Pharma pipelines mired by poor productivity, shrinking R&D budgets
With drug approvals for new chemical entities running at about half the level of the peak registered in 1997, pharma companies are actually seeing a reduction in the amount of money they earn from drugs approved in the previous five years, according to new research from Thomson Reuters. And overall R&D spending dipped 0.3 percent last year, as the momentum behind cuts in pharma pipeline budgets continued to gain speed.
"The latest data shows that poor productivity in 2009 continued to be exacerbated by the low success rate for drugs in late stage development and a decline in sales from new drugs launched within the last five years," said Hans Poulsen, head of consulting at CMR International, which compiled the 2010 Pharmaceutical R&D Factbook. "The increase in NME launches compared with 2008 offers some positive news. However, with data indicating a continued drop in overall success rates, it remains to be seen if the industry can reverse a 10-year trend in declining R&D output."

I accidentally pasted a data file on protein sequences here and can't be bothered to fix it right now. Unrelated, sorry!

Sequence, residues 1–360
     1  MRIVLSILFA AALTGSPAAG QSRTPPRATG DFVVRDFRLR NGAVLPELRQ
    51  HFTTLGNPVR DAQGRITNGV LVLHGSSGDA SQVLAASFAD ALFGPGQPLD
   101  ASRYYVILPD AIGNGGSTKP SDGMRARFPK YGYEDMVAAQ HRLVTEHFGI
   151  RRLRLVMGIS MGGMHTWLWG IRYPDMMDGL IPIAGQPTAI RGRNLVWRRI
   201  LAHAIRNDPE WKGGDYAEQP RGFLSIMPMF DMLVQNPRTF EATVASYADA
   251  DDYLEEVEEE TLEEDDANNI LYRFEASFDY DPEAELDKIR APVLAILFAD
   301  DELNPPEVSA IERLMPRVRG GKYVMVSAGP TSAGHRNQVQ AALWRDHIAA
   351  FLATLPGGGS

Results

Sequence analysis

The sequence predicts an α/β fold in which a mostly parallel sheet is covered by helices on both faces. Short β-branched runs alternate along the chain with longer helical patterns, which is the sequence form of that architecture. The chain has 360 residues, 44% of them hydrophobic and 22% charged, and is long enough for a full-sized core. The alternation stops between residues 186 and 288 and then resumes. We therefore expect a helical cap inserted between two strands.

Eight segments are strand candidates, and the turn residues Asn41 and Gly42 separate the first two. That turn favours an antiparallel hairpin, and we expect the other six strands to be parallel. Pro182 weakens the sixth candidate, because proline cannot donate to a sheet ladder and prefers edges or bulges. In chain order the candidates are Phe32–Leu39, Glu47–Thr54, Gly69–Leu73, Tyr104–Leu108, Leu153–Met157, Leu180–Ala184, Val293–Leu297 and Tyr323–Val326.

- The number of Phase III projects killed in 2007 to 2009 doubled the rate seen in the previous three years.
- Analysts expect that Big Pharma will continue to cut research budgets as they reshape their R&D efforts.
- Drugs launched in the previous five years accounted for seven percent of all sales in 2009, down from eight percent in 2008.
- here's the report from Reuters